Researchers measure dark energy and find it is "driving the cosmological expansion"

07/18/2016 - 21:42

Image: Daniel Eisenstein and SDSS-III

"We have spent a decade collecting measurements of 1.2 million galaxies over one quarter of the sky to map out the structure of the Universe over a volume of 650 cubic billion light years,” says. Jeremy Tinker of New York University, a co-leader of the scientific team that led this effort. Hundreds of scientists are part of the Sloan Digital Sky Survey III (SDSS-III) team.

These new measurements were carried out by the Baryon Oscillation Spectroscopic Survey (BOSS) programme of SDSS-III. Shaped by a continuous tug-of-war between dark matter and dark energy, the map revealed by BOSS allows astronomers to measure the expansion rate of the Universe by determining the size of the so-called baryonic acoustic oscillations (BAO) in the three-dimensional distribution of galaxies.


Ref: The clustering of galaxies in the completed SDSS-III Baryon Oscillation Spectroscopic Survey: cosmological analysis of the DR12 galaxy sample. arXiv - Astrophysics (11 July 2016) | arXiv:1607.03155 | PDF (Open Access)


We present cosmological results from the final galaxy clustering data set of the Baryon Oscillation Spectroscopic Survey, part of the Sloan Digital Sky Survey III. Our combined galaxy sample comprises 1.2 million massive galaxies over an effective area of 9329 deg^2 and volume of 18.7 Gpc^3, divided into three partially overlapping redshift slices centred at effective redshifts 0.38, 0.51, and 0.61. We measure the angular diameter distance DM and Hubble parameter H from the baryon acoustic oscillation (BAO) method after applying reconstruction to reduce non-linear effects on the BAO feature. Using the anisotropic clustering of the pre-reconstruction density field, we measure the product DM*H from the Alcock-Paczynski (AP) effect and the growth of structure, quantified by f{\sigma}8(z), from redshift-space distortions (RSD). We combine measurements presented in seven companion papers into a set of consensus values and likelihoods, obtaining constraints that are tighter and more robust than those from any one method. Combined with Planck 2015 cosmic microwave background measurements, our distance scale measurements simultaneously imply curvature {\Omega}K =0.0003+/-0.0026 and a dark energy equation of state parameter w = -1.01+/-0.06, in strong affirmation of the spatially flat cold dark matter model with a cosmological constant ({\Lambda}CDM). Our RSD measurements of f{\sigma}8, at 6 per cent precision, are similarly consistent with this model. When combined with supernova Ia data, we find H0 = 67.3+/-1.0 km/s/Mpc even for our most general dark energy model, in tension with some direct measurements. Adding extra relativistic species as a degree of freedom loosens the constraint only slightly, to H0 = 67.8+/-1.2 km/s/Mpc. Assuming flat {\Lambda}CDM we find {\Omega}_m = 0.310+/-0.005 and H0 = 67.6+/-0.5 km/s/Mpc, and we find a 95% upper limit of 0.16 eV/c^2 on the neutrino mass sum.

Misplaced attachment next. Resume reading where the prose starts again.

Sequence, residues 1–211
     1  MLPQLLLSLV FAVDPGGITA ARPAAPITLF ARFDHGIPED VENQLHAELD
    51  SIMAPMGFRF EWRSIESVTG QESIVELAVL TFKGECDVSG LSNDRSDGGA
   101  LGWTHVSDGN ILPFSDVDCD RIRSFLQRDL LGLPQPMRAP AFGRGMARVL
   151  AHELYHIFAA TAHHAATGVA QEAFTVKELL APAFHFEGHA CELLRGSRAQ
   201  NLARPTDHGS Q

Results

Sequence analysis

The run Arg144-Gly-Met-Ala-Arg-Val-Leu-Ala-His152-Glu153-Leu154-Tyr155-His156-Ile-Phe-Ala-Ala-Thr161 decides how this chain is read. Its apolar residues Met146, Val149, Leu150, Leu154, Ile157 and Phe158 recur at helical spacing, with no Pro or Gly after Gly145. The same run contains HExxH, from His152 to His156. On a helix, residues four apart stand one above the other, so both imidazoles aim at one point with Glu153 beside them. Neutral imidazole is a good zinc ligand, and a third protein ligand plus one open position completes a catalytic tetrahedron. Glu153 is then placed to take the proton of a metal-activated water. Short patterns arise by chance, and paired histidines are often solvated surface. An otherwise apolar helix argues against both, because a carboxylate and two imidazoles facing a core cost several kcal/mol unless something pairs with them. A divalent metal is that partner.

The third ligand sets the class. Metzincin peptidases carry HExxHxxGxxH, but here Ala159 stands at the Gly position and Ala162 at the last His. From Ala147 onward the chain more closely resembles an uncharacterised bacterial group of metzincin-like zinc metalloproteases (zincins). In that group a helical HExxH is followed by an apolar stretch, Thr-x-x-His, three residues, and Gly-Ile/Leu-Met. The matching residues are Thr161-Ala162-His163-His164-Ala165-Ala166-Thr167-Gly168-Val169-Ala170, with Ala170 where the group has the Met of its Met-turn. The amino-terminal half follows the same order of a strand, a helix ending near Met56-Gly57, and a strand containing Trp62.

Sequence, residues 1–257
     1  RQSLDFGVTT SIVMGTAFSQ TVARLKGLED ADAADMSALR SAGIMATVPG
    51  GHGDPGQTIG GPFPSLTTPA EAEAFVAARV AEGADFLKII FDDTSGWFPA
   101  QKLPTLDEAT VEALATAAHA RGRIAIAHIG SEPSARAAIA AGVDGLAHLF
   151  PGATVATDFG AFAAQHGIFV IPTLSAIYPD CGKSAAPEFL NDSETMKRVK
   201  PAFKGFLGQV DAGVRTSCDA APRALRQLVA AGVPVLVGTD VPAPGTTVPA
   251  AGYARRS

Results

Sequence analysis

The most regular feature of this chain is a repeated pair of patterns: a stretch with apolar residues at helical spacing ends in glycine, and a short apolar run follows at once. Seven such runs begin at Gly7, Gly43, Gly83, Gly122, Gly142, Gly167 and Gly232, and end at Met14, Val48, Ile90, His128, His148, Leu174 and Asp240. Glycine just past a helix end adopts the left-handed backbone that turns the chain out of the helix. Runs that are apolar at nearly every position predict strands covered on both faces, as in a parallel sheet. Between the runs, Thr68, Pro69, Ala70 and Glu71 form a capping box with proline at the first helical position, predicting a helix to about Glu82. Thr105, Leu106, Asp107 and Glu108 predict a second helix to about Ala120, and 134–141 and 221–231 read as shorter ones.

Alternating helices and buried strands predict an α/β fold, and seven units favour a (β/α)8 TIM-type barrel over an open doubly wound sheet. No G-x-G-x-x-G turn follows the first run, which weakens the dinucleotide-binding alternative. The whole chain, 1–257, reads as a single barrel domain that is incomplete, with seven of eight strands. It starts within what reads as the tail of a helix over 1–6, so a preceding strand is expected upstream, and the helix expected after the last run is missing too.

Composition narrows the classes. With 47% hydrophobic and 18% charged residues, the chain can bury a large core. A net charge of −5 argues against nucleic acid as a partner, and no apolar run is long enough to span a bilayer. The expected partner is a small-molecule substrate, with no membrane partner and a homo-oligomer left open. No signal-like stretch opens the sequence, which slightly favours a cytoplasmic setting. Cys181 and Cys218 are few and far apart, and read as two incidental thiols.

Anisotropic galaxy clustering in Fourier-space. arXiv:1607.03150

Combining correlated Gaussian posterior distributions. arXiv:1607.03146

Angular clustering tomography and its cosmological implications. arXiv:1607.03144

Cosmological implications of the Fourier space wedges of the final sample. arXiv:1607.03143